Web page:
While Ohio may have a reputation as a swing state, this week Cleveland is solidly Republican territory. But that didn’t stop Sen. Al Franken from making an appearance on Thursday morning, blocks away from the arena where, later today, thousands of people will cheer as Donald Trump accepts official nomination of the Republican Party for president.
Franken joined New Jersey Sen. Cory Booker and Florida Rep. Debbie Wasserman Schultz, the Democratic Party chair, behind enemy lines for a counter-programming series orchestrated by the Hillary Clinton campaign.
Standing behind a podium with an image of Trump and the words “Better Than This,” Franken deadpanned a few jokes but largely stuck to a sober, serious denouncement of Trump and what has transpired this week at the Republican National Convention.
“One thing I will say about [Gov. Mike] Pence’s speech was, it was refreshing to see someone say something good about Trump who wasn’t actually related to him, or due to inherit a lot of his money,” Franken said, opening his remarks to some laughs.
“But this has been ugly,” he continued, citing repeated crowd chants of “Lock her up!” and Gov. Chris Christie’s declarations that Clinton is “guilty, guilty, guilty.”
“That’s very banana republic,” Franken said. “This is the kind of negativity and ugliness that you’ve come to expect from Donald Trump. … This is someone who lies to the American people constantly, so often that I think those of you in the press fail to report them because, it’s just, ‘oh, so he lied again.’ ”
Franken referenced a Tuesday night speech from former candidate Ben Carson, in which he argued that Saul Alinsky, whom he called Clinton’s role model, acknowledges Lucifer.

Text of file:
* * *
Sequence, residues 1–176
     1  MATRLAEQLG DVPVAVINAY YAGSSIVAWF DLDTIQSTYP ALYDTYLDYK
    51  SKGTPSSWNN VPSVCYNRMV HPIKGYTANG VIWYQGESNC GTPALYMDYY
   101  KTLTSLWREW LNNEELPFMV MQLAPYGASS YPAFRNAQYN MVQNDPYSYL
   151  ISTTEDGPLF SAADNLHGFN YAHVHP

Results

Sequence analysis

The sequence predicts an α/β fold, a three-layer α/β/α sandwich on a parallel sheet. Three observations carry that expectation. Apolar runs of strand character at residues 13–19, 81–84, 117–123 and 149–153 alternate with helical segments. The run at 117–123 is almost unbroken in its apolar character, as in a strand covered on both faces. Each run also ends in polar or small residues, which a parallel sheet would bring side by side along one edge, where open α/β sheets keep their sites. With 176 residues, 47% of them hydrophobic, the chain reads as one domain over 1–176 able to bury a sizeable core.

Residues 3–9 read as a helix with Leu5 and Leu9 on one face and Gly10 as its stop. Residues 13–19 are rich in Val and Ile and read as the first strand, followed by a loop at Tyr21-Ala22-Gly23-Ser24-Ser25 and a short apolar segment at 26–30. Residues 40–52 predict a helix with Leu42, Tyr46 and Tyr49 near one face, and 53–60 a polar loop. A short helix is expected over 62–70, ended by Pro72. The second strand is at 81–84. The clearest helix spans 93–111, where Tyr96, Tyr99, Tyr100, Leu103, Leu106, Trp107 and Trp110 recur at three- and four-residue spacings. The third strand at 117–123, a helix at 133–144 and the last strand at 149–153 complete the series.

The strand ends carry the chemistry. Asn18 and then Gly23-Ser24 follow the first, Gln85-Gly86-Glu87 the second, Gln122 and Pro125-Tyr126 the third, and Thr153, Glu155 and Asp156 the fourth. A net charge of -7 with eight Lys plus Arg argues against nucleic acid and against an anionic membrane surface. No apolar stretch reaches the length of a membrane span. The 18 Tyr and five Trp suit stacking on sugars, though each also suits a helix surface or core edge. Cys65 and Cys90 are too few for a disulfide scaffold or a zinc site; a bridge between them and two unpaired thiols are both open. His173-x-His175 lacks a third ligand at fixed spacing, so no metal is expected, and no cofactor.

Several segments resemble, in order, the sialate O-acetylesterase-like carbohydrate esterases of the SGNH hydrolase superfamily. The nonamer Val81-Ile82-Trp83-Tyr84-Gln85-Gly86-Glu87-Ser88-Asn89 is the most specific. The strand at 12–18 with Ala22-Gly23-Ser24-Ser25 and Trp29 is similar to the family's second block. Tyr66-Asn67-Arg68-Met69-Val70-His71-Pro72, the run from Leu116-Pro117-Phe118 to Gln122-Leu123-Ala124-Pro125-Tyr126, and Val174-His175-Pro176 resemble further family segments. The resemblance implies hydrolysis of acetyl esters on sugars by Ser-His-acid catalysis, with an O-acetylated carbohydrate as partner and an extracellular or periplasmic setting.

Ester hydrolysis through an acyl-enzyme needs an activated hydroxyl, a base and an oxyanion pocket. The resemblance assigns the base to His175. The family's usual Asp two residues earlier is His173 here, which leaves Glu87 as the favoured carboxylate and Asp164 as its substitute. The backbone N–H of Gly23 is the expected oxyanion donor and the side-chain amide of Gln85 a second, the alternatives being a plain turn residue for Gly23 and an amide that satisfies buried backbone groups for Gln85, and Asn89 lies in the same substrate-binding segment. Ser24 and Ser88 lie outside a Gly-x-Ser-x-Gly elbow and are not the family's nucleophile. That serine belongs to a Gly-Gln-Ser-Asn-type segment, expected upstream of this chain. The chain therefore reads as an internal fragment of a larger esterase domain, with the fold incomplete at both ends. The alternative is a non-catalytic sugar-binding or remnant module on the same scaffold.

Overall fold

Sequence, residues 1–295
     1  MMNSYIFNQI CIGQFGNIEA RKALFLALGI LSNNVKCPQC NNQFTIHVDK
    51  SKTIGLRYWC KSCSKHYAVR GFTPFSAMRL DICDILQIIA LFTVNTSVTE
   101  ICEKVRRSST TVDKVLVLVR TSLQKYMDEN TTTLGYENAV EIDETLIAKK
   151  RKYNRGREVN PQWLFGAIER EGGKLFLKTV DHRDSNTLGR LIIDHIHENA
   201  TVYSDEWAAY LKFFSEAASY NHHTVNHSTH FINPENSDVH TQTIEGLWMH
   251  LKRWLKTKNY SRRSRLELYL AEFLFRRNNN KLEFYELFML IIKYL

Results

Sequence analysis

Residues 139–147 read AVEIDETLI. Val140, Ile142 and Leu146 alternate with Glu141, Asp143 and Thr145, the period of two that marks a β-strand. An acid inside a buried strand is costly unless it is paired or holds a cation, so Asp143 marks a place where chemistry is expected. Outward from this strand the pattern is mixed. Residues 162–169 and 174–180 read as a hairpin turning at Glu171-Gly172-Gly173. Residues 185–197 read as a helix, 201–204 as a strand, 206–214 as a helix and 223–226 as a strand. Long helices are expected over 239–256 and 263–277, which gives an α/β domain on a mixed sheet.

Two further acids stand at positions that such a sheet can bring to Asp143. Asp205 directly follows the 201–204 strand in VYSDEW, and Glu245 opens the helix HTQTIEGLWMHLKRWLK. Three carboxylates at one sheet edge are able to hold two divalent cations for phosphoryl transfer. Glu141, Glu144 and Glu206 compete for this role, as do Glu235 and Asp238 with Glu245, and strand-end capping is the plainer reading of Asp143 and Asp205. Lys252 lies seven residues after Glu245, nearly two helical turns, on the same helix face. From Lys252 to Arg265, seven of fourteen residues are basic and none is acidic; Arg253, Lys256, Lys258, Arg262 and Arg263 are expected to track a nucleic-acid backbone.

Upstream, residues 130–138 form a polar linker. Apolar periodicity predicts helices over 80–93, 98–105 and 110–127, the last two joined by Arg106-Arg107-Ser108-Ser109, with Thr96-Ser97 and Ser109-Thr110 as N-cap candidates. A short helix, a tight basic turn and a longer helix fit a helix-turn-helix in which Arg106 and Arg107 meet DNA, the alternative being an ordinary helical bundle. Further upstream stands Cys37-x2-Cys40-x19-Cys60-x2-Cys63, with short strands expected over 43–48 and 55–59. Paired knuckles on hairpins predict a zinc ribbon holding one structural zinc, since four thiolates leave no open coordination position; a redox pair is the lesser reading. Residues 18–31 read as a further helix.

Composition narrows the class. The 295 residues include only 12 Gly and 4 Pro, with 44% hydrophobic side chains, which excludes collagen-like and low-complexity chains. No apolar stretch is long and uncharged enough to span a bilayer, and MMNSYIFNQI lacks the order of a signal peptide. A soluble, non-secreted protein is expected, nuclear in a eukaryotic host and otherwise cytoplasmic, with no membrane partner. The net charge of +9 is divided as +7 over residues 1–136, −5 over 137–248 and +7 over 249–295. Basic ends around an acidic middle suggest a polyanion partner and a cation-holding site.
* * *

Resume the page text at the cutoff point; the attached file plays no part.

“We saw a former candidate compare Hillary to, or say she is in the thrall of Lucifer,” Franken said. “And we’re working on disproving it, and we’ll get back to you on that later.”
“You know,” Franken said, “I used to write books about, it was almost quaint, about right-wing guys lying.”
Speaking to MinnPost after the event, Franken — who founded his political career on right-wing-debunking books like “Rush Limbaugh Is a Big Fat Idiot and Other Observations” — reflected on the time he covered the 1992 GOP convention as a correspondent for Comedy Central.
In Houston that year, Pat Buchanan, a hard-line conservative who challenged President George H.W. Bush for the nomination, delivered an infamous speech in which he described the election as a “religious war” for the “soul of America” and harshly criticized gay and lesbian people, Bill and Hillary Clinton, and the Democratic Party in general.
“I was with Ben Stein and commenting on it, and I said, ‘This is going to backfire, isn’t it?’ ” Franken said. “He said, ‘This is just red meat for the crowd there.’ But I think everyone agreed that it did backfire, because it was so ugly.”
“I think this is worse,” Franken said, saying that Buchanan’s speech was just one moment of far-out rhetoric, while the 2016 GOP gathering has been “teeming with it.”
He said that it took several weeks for Buchanan’s address — well-received at the time — to go sour. “I had that take instantly, and it took several weeks, now that is considered what happened, that Buchanan put off a lot of the American people, and I think that’s what’s happening this week.”
To Franken, Trump is squarely responsible for the tone of this GOP convention. In 1992, he said, Buchanan’s remarks weren’t reflective of Bush.
“This is a reflection of Trump,” Franken said. “This is the bully boy.”